After the '80s, the population started to decline. By 2000, it had dwindled to about 1,600, where it has leveled off.
Now, the downtown area is dotted with dilapidated pastel buildings spanning several streets.
Sandra said the bypass can't kill Gordo. It's been gone for a while, but she hopes it can return to what it once was with increased business.
"Gordo's been dead for years," she said. "Now you've got a Piggly Wiggly and a Dollar General. That's about it."
'It's going to hurt us'
Beth and Eddie Fisher run Cheeky's, a standalone restaurant two-tenths of a mile up First Avenue West from where it intersects with Highway 82.
Around noon two Tuesdays ago, the dining room, decorated with old-timey posters on the wood-paneled walls, was almost completely quiet during what Beth Fisher called an unusually slow lunch.
Fisher said most of the restaurant's customers are out-of-towners, from surrounding cities including Columbus, Tuscaloosa and Northport. Last week, travelers made a pit stop for the specials: chicken 'n' dressing or a fried pork chop.
"You don't want the peach cobbler, do you?" she asked a regular customer, from Tuscaloosa, seated alone at a table.
"Put it in a trough," he said.
She thinks the bypass will hurt business, and she said people have suggested she advertise on billboards along the new route to maintain her customer flow.
"How can we afford that if this happens?" she asked.
About a half-mile down the road, Charlie Patel, who moved to the United States from around Mumbai, India, opened the 16-unit, red-brick Gordo Motel in 1999.
Patel said roughly a quarter of his business are travelers, so he's bracing for impact.
A "diverse community," of different races, with "very good people," would be lost if the bypass proves to be a detriment.
"I want to stay up to my last breath," Patel said, from behind a glass partition in the motel's main office.
Efi Belim, who owns the Chevron gas station, thinks the bypass won't have a resounding effect.
Locals generate 85-90 percent of his total business, he estimated. His traveling customers usually just stop to fill up their tanks and use the restroom.
Even if it does affect the town, Belim's lease for the building expires at the end of 2020. He said he's considering staying in Gordo, even opening a new business.
"Maybe an ice cream shop," he said, something Gordo doesn't have.
Fewer accidents, less noise
A couple weeks ago, after a morning rain, Kimberly Cunningham, 61, sat in a chair on her front patio of her yellow house, the first of seven in a row, on Fifth Court Northwest. She's yards up the road from the existing highway.
She's grown accustomed to the loud traffic, especially since she lived adjacent to railroad tracks near Charleston, South Carolina, before moving to Gordo about 20 years ago.
"You just kind of tune it out," Cunningham said, speaking over rising and falling of groans from trucks. "It's not so intrusive that you can't live your life."
The bypass could be more helpful to the town than hurtful, especially with regularly-occurring car accidents along Highway 82, she said.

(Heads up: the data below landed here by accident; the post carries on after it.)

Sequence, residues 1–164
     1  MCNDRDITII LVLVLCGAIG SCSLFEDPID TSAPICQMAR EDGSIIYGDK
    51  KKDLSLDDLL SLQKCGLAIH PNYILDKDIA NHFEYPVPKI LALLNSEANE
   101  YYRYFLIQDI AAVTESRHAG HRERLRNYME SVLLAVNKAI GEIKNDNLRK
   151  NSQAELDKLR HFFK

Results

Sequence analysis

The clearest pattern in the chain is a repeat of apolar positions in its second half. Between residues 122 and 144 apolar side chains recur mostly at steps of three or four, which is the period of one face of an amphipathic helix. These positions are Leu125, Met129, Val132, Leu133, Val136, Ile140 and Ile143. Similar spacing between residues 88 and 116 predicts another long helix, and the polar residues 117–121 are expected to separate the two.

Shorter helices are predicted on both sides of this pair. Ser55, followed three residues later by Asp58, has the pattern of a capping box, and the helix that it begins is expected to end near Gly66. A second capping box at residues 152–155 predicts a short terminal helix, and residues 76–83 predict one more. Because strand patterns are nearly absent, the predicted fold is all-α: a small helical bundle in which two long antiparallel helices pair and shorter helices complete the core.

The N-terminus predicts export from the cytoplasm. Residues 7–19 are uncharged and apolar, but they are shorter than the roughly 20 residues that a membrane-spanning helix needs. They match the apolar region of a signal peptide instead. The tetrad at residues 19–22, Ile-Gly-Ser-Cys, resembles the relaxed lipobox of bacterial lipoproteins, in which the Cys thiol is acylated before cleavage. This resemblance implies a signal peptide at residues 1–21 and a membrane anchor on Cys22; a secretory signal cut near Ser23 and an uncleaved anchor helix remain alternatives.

"It won't hurt to not have all the through traffic here," she said.
Isaac Walker, a construction worker who's been handling erosion control on the bypass for seven months, views the project similarly.
Walker, 28, and his family moved, temporarily, from Lake Charles, Louisiana, to Gordo specifically for his work on the job.
He and his wife rented a small house facing Highway 82, next to the Chevron gas station. A plastic toy car big enough to fit a toddler sat in the yard.
"This highway here doesn't ever stop," Walker said.
Walker said safety was one of his concerns when he moved in.
"If we're not outside, we don't let the kids go out," Walker said. "We take them to the park."
Some things change, others stay the same
At Cattle on a Flame restaurant, families with members spanning three of four generations sat down for dinner at black-and-white checked tables beneath painted portraits of cows. The serve staff said the club sandwiches "do really well," but more tables were covered in baskets of steak, fried chicken, baked potatoes and Texas toast.
Jordan Jones, 18, mans the checkout counter. The restaurant mostly runs on local business, but also satisfies travelers from Mississippi and other parts of Alabama, so the bypass isn't a major concern.
Jones said "there's literally nothing to do" or see in Gordo, her sleepy hometown, characterized by everyone knowing everyone's business.
Gordo High School football is the main pastime, Jones, a former co-captain of the cheer squad, said.
The school's fall spirit night is this week, she said. Everyone in town will go out to the field behind the school to watch the Green Wave team scrimmage. The marching band and cheerleaders make an appearance, too.
"Usually our highlight here are football games," she said.
Just down the highway, Gordo resident Shannon Dyer, 43, was working on a 1973 Camaro in his personal car garage with his friend, Andy Hoggle, 52, who lives in Tuscaloosa County.
The two are making a "restomod," restoring the vintage car with new parts.
Even with the impending bypass, Hoggle said Gordo residents are in control of their town's fate.
"The only people that are keeping Gordo alive are the people in Gordo," he said.